Santa Barbara, CA (SBA)
Santa Barbara is defined by a romantic Spanish Colonial Revival design aesthetic adopted by city leaders in the 1920s; the earlier 1902 depot, with its arcades and red tile roof, is a perfect fit.
209 State Street
Santa Barbara, CA 93101
Annual Station Ridership (2016): 338,069
- Facility Ownership: City of Santa Barbara
- Parking Lot Ownership: City of Santa Barbara
- Platform Ownership: Union Pacific Railroad
- Track Ownership: Union Pacific Railroad
For information about Amtrak fares and schedules, please call 1-800-USA-RAIL (1-800-872-7245).
The Santa Barbara station was constructed in the Spanish Mission Revival in 1902 for the Southern Pacific Railroad. The most recent reconstruction and renovation of the historic Santa Barbara station was completed in 2000. The ticket office has been restored to its original grandeur; plumbing, electrical, heating and cooling systems have been updated, and seating areas have been restored. In addition, the parking lots and the adjacent Railway Express Agency building were redone.
This area on the south coast of California had been inhabited for thousands of years before the Spanish first anchored in the Santa Barbara channel in 1542. Sebastian Vizcaino named the region out of gratitude for surviving a violent storm in the same channel on December 3, 1602, the eve of the feast of Saint Barbara. However, the first permanent European settlers were Spanish missionaries and soldiers led by Felipe de Neve, accompanied by Father Junípero Serra, who arrived in 1782 and built the Presidio and Mission. The Mission Santa Barbara was dedicated on December 4, 1786. However, a powerful earthquake and tsunami, one of the strongest in California history, destroyed the Mission and the town in 1812. Following that disaster, the Mission fathers rebuilt upon a grander scale, and this complex survives today as the best-preserved of the California Missions.
Santa Barbara was held briefly by the Mexican government until John C. Fremont claimed it during the Mexican-American War in 1846. Surveyor Salisbury Haley designed the famously misaligned street grid and set up the town in 1851. American settlers came with the Gold Rush, in a violent and lawless period until the Vigilance Committee from San Luis Obispo drove them out. Following the gold rush and rancho era, writer Charles Nordhoff promoted the town as a health resort and destination for well-to-do travelers in the 1870s and onward.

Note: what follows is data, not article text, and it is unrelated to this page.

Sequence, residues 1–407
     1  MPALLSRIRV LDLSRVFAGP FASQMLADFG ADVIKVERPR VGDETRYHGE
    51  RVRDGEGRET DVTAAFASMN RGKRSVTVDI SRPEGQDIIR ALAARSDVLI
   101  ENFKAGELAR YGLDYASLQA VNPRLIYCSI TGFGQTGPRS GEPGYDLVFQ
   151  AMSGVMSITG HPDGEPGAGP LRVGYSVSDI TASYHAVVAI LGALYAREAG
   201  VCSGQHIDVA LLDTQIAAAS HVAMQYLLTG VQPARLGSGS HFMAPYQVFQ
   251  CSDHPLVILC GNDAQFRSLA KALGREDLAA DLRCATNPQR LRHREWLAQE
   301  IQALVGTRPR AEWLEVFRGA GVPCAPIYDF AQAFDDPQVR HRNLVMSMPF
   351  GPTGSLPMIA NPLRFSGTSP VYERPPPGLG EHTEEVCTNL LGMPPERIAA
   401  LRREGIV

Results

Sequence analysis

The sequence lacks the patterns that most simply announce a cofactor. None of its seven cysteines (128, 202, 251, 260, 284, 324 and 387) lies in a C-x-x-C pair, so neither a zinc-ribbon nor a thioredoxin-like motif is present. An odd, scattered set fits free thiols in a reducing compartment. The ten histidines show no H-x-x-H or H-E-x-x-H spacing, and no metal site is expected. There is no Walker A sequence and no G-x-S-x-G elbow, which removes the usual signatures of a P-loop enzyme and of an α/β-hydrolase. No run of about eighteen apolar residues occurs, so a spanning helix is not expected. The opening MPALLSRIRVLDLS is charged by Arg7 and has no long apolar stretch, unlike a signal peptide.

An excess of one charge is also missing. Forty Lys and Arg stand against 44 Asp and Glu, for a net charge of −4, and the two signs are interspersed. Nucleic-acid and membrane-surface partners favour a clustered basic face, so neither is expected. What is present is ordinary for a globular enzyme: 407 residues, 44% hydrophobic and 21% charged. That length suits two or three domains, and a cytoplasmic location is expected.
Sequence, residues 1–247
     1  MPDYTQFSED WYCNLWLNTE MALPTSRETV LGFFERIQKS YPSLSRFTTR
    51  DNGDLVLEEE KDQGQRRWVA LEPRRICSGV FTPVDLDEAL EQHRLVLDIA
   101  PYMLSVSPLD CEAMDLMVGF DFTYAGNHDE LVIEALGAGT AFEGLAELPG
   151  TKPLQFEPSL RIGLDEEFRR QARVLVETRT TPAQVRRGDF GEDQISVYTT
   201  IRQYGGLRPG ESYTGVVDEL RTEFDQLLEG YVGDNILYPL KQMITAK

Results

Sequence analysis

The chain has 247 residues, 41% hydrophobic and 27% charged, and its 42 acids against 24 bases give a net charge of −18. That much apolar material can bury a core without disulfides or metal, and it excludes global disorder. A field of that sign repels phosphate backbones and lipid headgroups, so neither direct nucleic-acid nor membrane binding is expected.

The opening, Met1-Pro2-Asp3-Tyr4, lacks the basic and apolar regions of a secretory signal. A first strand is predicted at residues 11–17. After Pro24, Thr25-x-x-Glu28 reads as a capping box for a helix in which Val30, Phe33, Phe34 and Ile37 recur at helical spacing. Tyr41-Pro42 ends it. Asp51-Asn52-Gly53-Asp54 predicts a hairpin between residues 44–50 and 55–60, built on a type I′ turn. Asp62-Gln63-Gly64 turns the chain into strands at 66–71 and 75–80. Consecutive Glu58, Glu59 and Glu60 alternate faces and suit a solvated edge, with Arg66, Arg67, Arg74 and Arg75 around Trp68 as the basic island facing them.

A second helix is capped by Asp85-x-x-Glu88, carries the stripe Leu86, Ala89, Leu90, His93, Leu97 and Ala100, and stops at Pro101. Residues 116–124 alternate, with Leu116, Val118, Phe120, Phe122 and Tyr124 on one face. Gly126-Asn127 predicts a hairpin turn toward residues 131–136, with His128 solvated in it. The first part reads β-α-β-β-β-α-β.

Santa Barbara also housed the world’s largest movie studio during the era of silent film. Flying A Studios operated on two city blocks between 1910 and 1922, until the film industry outgrew the area and moved to Hollywood. Flying A and other local studios produced approximately 1,200 films during their time in the city, of which about 100 survive.
During World War II, Santa Barbara was home to a Marine base at the site of the present-day University of California at Santa Barbara; a Navy installation in the harbor; was close to the Army’s Camp Cook (today Vandenberg Air Force Base). It was home to a hospital for treating military personnel wounded in the Pacific theater. On February 23, 1942, a Japanese submarine emerged offshore and lobbed 16 shells at the Elwood Oil Field, about 10 miles west of the city. In the only direct attack on the U.S. mainland during the entire war –and the first wartime attack by a foreign power on the U.S. since the War of 1812 –the gunners were terrible marksmen. Only about $500 in damage resulted to a catwalk.
The architectural image of Santa Barbara is the Spanish Colonial Revival style adopted by city leaders in 1925. Domestic architecture is predominantly California bungalows from the early 20th century, with many original Victorian and Spanish style homes. Now a year-round tourist destination renowned for its fair weather, downtown beaches and Spanish architecture, the city is known for its wooing of “clean” industry, environmental vigilance and resistance to uncontrolled growth that afflicted much of the South Coast.
Amtrak provides ticketing and baggage services at this facility. The Pacific Surfliner service is primarily financed through funds made available by the State of California, Department of Transportation, and is managed by the LOSSAN Joint Powers Authority.
- 100 Short Term Parking Spaces
- 50 Long Term Parking Spaces
- Accessible Payphones
- Accessible Platform
- Accessible Restrooms
- Accessible Ticket Office
- Accessible Waiting Room
- Baggage Storage
- Bike Boxes
- Checked Baggage
- Dedicated Parking
- Enclosed Waiting Area
- Help With Luggage
- Pay Phones
- Quik Trak Kiosk
- Shipping Boxes
- Ticket Office
- Wheelchair Lift